Dear Lori Lightfoot and Toni Preckwinkle: African-American women across Chicagoland are rooting for whichever one of you makes history Tuesday by being elected the first mayor who looks like them in the city’s 182-year history.
We know because we’ve talked to scores of them across the city in the final week before the election. Not about who they’re voting for. That’s their business.
But about afterward, when history ushers in Chicago’s first African-American woman mayor, what it means to them, the challenges they foresee, changes they expect and hopes for your work.
Perspectives range widely, but all note you will also carry the privilege or burden of being only the second African-American and the second woman to inherit City Hall’s 5th floor.
“I think Chicago is one of the most prejudiced cities in the country,” said Dorothea Avant, of downtown Streeterville, a 91-year-old, retired/widowed Chicago Public Schools principal.
“I know Chicago’s history of racism firsthand. When I first started teaching, they still had the ethnically oriented curriculum guides from grammar school in the ’30s. And my first principal job in the ’70s was at an all-white school that was not a friendly place,” said Avant, also a teacher and librarian during 40 years with CPS.
“We had one black first-grade teacher at that school, and the mothers took turns monitoring her classroom to see that she taught their kids correctly. At PTA meetings, they’d collect money to help the Southwest Side ‘Bogan Broads’ who were protesting integration by the Board of Education,” Avant recalled.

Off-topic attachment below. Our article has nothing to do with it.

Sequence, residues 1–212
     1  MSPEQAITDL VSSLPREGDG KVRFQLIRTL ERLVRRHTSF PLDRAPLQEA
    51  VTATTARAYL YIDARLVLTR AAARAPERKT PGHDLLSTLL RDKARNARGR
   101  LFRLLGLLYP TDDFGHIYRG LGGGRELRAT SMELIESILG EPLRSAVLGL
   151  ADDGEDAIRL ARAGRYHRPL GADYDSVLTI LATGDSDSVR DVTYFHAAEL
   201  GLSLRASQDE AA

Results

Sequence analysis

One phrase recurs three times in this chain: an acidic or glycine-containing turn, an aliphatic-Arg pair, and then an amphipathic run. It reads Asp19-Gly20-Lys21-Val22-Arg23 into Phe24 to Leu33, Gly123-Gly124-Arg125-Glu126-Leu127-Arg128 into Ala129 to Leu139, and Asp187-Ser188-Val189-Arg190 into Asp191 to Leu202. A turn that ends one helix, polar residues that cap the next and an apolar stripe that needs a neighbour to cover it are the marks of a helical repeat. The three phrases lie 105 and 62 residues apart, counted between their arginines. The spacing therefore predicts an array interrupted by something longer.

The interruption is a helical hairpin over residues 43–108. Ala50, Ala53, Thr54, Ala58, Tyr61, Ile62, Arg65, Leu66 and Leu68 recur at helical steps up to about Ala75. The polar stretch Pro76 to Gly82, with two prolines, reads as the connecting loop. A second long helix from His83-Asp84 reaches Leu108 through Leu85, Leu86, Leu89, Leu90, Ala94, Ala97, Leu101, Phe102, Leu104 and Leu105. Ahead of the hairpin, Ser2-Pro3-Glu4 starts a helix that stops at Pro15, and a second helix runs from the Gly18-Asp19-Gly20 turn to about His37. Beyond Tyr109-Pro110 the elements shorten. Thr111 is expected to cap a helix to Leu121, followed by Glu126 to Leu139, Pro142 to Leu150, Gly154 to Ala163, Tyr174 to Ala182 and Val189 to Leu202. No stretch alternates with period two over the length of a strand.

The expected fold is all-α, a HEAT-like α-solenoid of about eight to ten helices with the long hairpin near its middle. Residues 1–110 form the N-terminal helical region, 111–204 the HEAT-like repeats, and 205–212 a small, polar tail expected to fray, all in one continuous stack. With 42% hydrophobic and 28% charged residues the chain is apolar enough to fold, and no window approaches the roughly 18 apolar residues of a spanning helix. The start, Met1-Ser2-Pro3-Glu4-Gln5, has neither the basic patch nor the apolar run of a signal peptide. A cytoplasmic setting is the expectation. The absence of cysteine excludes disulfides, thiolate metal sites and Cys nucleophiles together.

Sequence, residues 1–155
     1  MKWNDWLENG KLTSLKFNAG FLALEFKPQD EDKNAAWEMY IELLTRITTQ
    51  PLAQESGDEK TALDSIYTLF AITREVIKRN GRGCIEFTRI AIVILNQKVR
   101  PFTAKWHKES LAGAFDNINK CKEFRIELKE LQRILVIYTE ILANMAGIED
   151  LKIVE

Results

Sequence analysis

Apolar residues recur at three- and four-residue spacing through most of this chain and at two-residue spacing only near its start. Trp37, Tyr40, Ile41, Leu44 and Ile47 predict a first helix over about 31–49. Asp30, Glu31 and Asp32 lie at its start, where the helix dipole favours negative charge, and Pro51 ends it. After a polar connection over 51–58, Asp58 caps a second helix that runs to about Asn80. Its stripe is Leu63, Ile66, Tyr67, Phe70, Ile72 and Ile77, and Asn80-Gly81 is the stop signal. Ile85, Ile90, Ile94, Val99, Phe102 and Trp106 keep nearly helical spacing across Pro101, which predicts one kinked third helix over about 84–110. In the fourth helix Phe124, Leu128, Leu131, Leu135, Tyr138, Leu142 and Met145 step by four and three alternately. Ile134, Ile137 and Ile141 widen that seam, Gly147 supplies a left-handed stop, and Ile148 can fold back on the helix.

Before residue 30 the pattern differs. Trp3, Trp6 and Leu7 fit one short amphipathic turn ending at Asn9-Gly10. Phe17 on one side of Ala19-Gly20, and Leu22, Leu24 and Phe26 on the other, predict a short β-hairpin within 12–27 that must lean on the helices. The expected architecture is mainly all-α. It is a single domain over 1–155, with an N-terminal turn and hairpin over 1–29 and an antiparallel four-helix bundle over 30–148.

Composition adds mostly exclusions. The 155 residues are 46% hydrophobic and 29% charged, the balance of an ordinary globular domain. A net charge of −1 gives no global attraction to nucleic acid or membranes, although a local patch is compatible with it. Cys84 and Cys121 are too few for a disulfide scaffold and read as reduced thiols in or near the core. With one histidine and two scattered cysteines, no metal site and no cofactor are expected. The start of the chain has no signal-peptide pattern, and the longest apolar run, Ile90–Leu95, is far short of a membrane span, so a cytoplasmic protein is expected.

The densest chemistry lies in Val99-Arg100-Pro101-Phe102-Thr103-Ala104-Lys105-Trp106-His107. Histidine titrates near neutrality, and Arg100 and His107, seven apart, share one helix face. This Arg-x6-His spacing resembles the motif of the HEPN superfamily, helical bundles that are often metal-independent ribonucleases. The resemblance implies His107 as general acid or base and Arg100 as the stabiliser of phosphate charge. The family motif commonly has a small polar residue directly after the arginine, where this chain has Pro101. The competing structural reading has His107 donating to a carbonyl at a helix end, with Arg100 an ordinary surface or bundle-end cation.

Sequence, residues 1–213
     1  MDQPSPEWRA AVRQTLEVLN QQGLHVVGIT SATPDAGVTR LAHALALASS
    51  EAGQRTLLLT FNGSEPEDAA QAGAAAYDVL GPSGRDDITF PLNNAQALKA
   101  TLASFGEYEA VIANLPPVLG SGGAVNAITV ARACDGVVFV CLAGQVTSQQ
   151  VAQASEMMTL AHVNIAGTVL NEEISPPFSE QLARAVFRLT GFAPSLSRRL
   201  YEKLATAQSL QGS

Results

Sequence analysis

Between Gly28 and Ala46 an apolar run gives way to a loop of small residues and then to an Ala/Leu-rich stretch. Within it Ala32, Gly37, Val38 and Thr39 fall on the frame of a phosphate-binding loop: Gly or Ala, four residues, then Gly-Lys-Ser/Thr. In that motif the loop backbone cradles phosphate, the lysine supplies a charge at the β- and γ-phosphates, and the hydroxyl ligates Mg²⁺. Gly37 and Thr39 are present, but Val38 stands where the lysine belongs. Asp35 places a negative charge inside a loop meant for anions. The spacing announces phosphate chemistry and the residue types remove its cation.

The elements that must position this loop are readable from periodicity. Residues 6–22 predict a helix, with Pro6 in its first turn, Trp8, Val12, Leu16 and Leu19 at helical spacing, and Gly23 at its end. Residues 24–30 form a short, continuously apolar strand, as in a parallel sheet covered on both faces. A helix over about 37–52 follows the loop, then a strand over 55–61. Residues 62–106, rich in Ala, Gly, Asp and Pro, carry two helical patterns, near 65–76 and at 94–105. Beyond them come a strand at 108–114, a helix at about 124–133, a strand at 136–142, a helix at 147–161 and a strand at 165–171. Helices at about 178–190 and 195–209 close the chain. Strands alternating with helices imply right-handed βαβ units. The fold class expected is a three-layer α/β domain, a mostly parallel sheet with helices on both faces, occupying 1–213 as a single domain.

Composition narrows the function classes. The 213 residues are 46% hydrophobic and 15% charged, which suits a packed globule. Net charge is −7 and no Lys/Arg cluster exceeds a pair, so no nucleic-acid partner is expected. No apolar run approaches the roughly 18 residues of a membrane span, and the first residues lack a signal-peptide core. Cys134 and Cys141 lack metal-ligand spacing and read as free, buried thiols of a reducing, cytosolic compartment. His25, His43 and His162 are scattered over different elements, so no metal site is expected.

“I didn’t think I’d live to see a black woman mayor. I think it’s marvelous, because in my lifetime, I’ve known some very smart black women who have not gotten where they should have been just because they are black,” she said.
And for precisely that reason, the women we talked to do not expect you to have an easy time as a trailblazer. In fact, some of them are less than optimistic you’ll prevail over the inherent challenges.
“A lot of black people believe it’s going to be politics as usual. It’s just going to be administered by a black woman,” said Marjorie Walton, 73, a lifelong Chicagoan who recently fled the city.
“A lot of people expected Harold Washington to change Chicago, to change the ghetto. But 71st & Cottage Grove still looks the same as it did then. One person cannot effect that kind of change, and everybody knows it,” said Walton, who with her partner of 43 years, Mary Sieradzka, now lives in Oak Park.
Despite cynicism, the couple regrets they moved five years ago from a city poised for a historic election, ‘though they still own a condo in Lincoln Park, said Walton, a retired Army veteran who worked for the U.S. General Services Administration.
“I cannot vote, and that really upsets me. I met my partner when she was 28 and I was 32. We’ve lived through the era when things were not good for the LGBTQ community,” Walton said.
“Now I’m witnessing where we can openly get married, openly run for office — from Lightfoot to Mayor Pete Buttigieg of South Bend, Indiana, running for president — our families are recognized. So this is history in the making.”
As for your priorities, Mayor-elect, the women we talked to hope they’ll include equity in business and economic development for black communities.